The countries’ far-right governments, which are already being probed by the EU for politicizing their judicial systems, claim they are defending national sovereignty from foreign interference.
Viktor Orbán, the Hungarian prime minister, said he would not “subject Hungary to a situation where a simple majority imposes issues upon the Hungarian people they do not want.”
For too long has the European Union tolerated the formation of a self-proclaimed “illiberal democracy” in its midst. A recent European Court of Justice ruling underscores that Hungary is not only in beach of the rule of law, but violates the very rights and values on which the EU is founded.
The court ruled earlier this month that restrictions imposed on foreign universities — which forced the George Soros-funded Central European University to relocate from Budapest to Vienna — were “incompatible” with the EU’s Charter of Fundamental Rights.
Gwendoline Delbos-Corfield, a French member of the European Parliament and its rapporteur on the situation in Hungary, commented that the ruling “should send a warning to Viktor Orbán: that it’s time to step back from the brink of autocracy and reverse the Hungarian government’s undemocratic path.”
Orbán, prime minister since 2010, has come a long way. He started his political career as a liberal anticommunist and ended up the most right-wing, authoritarian government leader in the EU.
If the rest of the bloc is to rein him in, it must first understand how he has been able to gain, and keep, his power.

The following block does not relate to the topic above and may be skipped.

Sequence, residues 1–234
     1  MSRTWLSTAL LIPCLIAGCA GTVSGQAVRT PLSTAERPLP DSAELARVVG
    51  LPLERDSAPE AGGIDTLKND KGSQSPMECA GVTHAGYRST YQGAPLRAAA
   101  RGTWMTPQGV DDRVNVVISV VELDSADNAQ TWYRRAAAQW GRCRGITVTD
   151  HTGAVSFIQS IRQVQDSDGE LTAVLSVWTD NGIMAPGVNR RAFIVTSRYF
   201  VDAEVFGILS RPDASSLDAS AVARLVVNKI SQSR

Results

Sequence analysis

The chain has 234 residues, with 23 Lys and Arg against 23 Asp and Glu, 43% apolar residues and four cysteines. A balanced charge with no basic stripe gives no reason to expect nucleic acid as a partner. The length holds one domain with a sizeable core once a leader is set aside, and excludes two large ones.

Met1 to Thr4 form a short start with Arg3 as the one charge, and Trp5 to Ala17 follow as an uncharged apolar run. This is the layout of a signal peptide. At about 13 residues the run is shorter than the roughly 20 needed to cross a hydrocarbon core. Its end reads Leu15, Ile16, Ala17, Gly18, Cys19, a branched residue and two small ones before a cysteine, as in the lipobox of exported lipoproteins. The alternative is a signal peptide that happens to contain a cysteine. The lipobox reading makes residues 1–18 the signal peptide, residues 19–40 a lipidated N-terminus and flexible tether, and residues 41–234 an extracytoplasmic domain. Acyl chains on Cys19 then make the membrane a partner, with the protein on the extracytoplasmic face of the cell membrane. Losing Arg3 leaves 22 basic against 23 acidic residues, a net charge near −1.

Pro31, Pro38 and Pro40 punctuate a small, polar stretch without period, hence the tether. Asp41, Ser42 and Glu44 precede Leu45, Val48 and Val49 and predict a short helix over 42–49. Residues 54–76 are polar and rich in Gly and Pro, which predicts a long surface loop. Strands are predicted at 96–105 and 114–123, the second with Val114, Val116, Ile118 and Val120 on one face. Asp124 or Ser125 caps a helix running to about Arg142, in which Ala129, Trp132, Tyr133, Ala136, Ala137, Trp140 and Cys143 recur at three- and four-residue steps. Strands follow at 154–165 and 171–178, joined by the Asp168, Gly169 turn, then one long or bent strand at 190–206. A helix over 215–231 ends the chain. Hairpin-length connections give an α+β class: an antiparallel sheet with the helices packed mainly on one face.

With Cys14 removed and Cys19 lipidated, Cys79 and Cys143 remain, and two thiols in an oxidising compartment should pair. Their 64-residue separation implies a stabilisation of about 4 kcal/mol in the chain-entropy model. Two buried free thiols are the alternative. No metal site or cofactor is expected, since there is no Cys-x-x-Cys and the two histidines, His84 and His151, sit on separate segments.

I try to avoid Nazi-era comparisons, since they’re seldom appropriate, but Viktor Orbán isn’t making it easy. The only thing that could make his power grab in Hungary more like the Enabling Act of 1933 is if, like the Reichstag fire, COVID-19 really had been manufactured (in a Chinese lab funded by George Soros, if we are to believe Russia’s disinformation).
Using the coronavirus pandemic as an excuse, Orbán has dissolved parliament and postponed all elections — indefinitely.
Poland’s ruling conservative party’s obsession with bending the legal system to its will is creating what the Financial Times calls a parallel legal system: one set of judges are loyal to Małgorzata Gersdorf’s still-independent Supreme Court while another obey the government-friendly Constitutional Tribunal. Read more “Judicial Reforms Create Parallel Legal System in Poland”
Poland will not be able to meet the EU’s 2050 zero-emissions target without additional funds. In an interview with the Financial Times, the country’s chief energy advisor, Piotr Naimski, argues that the European Union needs to take its particular circumstances into account.
Poland’s extreme reliance on coal makes the goal to reduce net emissions to zero a tall order. Coal generates about 80 percent of Poland’s electricity. It also curbs its reliance on Russian energy, which is of geopolitical significance.
There is a political consideration as well. Mining unions are still strong in Poland. The industry has long provided well-paying jobs with a high degree of stability. Miners enjoy special retirement provisions. This makes them a powerful voting bloc. Read more “Poland Needs EU Support to Meet Climate Goals”